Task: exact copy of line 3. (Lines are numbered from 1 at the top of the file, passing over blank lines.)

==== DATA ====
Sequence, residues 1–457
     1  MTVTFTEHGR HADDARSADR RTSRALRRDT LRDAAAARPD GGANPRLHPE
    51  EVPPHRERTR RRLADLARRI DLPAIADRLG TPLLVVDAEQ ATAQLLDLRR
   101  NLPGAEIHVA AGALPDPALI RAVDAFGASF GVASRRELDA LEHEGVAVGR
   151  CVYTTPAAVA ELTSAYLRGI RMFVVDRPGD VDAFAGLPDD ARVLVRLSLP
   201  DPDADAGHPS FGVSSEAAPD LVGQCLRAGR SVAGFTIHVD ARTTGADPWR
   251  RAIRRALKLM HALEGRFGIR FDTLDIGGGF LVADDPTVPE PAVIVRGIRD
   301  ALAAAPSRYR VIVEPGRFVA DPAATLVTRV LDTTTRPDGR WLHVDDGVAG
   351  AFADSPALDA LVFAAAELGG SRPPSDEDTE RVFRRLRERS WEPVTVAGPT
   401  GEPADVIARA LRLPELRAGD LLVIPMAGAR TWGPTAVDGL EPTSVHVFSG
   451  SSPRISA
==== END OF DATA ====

    51  EVPPHRERTR RRLADLARRI DLPAIADRLG TPLLVVDAEQ ATAQLLDLRR